Healthy Living

Frigid Iowa air, frosty Cedar Rapids streets don't slow down winter running enthusiasts

(from left) Brian Nicola of Coralville, Cathy May of Cedar Rapids and Julie Summers of Cedar Rapids in downtown Cedar Rapids on Thursday, February 8, 2018. (Cliff Jette/The Gazette)
(from left) Brian Nicola of Coralville, Cathy May of Cedar Rapids and Julie Summers of Cedar Rapids in downtown Cedar Rapids on Thursday, February 8, 2018. (Cliff Jette/The Gazette)

The colder it is, the happier Mark Powers is to go running.

“You know what it’s like in Iowa in the summer,” he said. “I think we all really enjoy a good perspiration, a hot sweaty day, but I prefer the cold.”

In fact, the colder it is, the better. He even runs in subzero temperatures, when schools are canceled due to the cold and official warnings admonish the public to stay indoors.

“I’ve had some of my best runs on those days. I thoroughly like it. It’s my candy,” he said. Part of it’s the challenge, part of it’s the solitude. It’s just my style of running.”

That’s despite the fact that in the past, he’s suffered frostbite on his cheeks and ears from his early morning runs in the frigid weather.

“I do ask people, when it gets to subzero, to think about what they’re doing and perhaps limit the amount of time they’re outside,” he said.

Powers is the president of Corridor Running, a group of running enthusiasts that plan races throughout the year and organize group runs throughout the Corridor. He didn’t always embrace winter running.

“In my history of running I was typically, as most people are, a seasonal runner,” he said. “Meaning I would run when it was nice, and when the cold weather came around, I would say, ‘Eh, I don’t want to do that.’ But as I got a few more years on me, I decided it was too hard to get back in shape each summer.”


Running inside, on a track or treadmill, didn’t provide the same motivation as outdoor runs did.

“They are called the ‘dreadmill’ for a particular reason. It’s the scenery, or the lack thereof. It’s the monotony of it,” he said. “Exploring the city, seeing the sights, the sounds, that’s the whole thing for me. It’s just the beauty of getting outside.”

Jim Dwyer, co-owner of Iowa Running Company, a store in Cedar Rapids, agreed.

“For me, it’s the fresh air, and it’s being outside,” he said. “When I go on the treadmill, it’s like a task, but I want to go running when I’m outside. A lot of people will run the whole 12 months of the year, but in the winter, they do it at the gym. The ones who do it outside, we like to affectionately say we have a screw loose. It’s a term of endearment.”

Ready to hit the snowy streets?

Powers and Dwyer offered these tips:

Dress for success

Powers, after his experiences with frostbite, emphasized a face mask on the colder days to protect skin.

“You’re perspiring, and moisture is going to freeze or it’s going to dissipate,” he said.

That means a base layer that wicks moisture is important. For the body, start with that layer and add others as needed.

“Stay away from cotton next to the skin,” Dwyer said. “You have to sweat when you’re running, but to mitigate the damage of the cold air, a dry fit should be your base layer.”

His second layer is usually a thermal that zips or half zips. On really cold days, he adds a third layer of a light weight running jacket.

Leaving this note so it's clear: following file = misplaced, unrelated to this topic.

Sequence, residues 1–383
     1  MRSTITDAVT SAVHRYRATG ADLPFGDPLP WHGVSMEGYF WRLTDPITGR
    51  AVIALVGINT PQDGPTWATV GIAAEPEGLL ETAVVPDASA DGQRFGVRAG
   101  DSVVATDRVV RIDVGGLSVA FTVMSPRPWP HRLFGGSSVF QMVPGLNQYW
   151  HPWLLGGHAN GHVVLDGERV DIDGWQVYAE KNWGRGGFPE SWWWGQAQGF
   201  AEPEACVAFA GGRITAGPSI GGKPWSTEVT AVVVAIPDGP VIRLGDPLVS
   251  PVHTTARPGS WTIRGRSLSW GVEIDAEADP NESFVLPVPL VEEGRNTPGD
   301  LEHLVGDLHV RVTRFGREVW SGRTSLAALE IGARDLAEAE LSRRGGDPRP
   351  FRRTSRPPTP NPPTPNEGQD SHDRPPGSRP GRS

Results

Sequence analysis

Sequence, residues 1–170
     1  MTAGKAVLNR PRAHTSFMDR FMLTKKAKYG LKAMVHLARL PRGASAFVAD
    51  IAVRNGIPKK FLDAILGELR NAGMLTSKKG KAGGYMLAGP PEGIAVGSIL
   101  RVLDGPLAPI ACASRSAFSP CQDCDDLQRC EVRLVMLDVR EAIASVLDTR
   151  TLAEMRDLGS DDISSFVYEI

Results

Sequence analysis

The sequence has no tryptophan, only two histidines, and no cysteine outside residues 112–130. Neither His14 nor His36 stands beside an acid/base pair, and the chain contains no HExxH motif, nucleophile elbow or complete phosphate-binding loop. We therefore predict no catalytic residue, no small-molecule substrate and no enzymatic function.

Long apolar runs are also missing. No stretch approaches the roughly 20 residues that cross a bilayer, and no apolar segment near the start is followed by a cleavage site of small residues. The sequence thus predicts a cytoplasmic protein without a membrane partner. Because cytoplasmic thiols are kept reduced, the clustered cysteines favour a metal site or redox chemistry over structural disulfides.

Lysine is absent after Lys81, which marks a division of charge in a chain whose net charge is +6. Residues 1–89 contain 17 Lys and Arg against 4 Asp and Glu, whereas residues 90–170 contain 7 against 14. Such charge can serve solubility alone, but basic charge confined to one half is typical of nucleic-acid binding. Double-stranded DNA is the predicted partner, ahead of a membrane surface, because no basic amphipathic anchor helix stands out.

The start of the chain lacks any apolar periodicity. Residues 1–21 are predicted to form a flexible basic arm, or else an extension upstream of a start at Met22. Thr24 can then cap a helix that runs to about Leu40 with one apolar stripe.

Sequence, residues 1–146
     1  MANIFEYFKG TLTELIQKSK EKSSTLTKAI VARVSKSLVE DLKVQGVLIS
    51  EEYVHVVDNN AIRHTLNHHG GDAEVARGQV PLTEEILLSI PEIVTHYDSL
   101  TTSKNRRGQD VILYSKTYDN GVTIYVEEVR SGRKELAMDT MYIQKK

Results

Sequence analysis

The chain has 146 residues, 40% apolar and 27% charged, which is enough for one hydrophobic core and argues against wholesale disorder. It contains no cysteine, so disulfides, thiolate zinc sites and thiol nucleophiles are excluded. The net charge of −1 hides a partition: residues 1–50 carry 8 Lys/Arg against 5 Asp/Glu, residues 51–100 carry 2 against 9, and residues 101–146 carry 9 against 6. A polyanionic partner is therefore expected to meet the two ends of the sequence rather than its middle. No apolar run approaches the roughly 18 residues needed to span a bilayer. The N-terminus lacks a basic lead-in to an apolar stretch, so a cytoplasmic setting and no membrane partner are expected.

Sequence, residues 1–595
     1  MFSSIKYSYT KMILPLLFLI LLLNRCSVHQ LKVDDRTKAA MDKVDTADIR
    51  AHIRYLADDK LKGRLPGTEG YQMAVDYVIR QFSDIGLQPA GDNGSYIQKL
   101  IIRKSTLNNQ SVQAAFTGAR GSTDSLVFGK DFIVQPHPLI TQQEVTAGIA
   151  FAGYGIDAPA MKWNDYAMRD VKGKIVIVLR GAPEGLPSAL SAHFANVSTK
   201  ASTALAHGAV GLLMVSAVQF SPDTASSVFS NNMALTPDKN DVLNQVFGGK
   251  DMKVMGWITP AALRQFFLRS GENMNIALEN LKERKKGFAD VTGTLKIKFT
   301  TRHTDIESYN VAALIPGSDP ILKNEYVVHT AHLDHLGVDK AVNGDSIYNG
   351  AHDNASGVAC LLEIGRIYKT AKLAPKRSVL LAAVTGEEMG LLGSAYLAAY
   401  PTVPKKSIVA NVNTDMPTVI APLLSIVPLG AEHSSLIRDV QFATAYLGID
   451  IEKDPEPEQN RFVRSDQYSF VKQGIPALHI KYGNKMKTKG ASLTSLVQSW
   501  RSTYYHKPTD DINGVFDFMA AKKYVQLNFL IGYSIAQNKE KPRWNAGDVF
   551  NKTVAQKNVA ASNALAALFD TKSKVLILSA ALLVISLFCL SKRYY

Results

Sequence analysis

Thank you for signing up for our e-newsletter!

You should start receiving the e-newsletters within a couple days.

“You want tight fitting clothes. You don’t want to create an air pocket, which can make you cold,” Powers said.

But don’t forget you’re going out to exercise. A full parka might be overkill. Both said to dress as if it is 15 to 20 degrees warmer that it really is.

“You almost want to underdress. You’re heat up very fast,” Dwyer said. “You should be cool when you step out the door.”

A warm pair of socks and gloves to protect your extremities are also key. Dwyer recommends moisture wicking running gloves, and Powers swears by wool socks.

Get some traction

With snow, ice and frost, routes are likely to be slippery. Avoid tumbles with traction for your shoes. Options range from special shoes with cleat-like soles to special covers to pull over normal running shoes to simply putting small cheap screws into the bottom of shoes in a DIY effort.

Light up

Don’t forget the early sunsets and late sunrises in the winter, and be sure to wear reflective gear and a headlight if heading out after or before work hours.


Even if you’re not sweating as heavily or feeling as hot, you still need plenty of fluids to fuel your run.

“It’s not just the day of your run, it’s 24/7, 365 days a year,” Dwyer said. “How much water I drank yesterday will help with how much I perspire on today’s run,”

Find some encouragement


If you’re unsure winter running is for you, find a group run to give it a try. Ask the more experienced winter runners in the group for their advice and to help answer any questions you have. If you’re not ready to run, start with brisk walks.

“In my experience, a lot of people are very intimitaded or scared to go out and run in the winter. But by the third or fourth time they kind of get hooked. Don’t be intimidated, give it a try.”

l Comments: (319) 398-8339;



When people talk about harmful stress - the kind that can affect health - they usually point to big, life-changing events, such as the death of a loved one. A growing body of research suggests that minor, everyday stress - caused ...

Headstands and sun salutations can be challenging enough at room temperature. Now, imagine doing them at about 100 degrees.At Heat Yoga, 3607 First Ave. SE, Cedar Rapids, yoga classes of varying difficulty levels and styles are ta ...

Give us feedback

Have you found an error or omission in our reporting? Tell us here.

Do you have a story idea we should look into? Tell us here.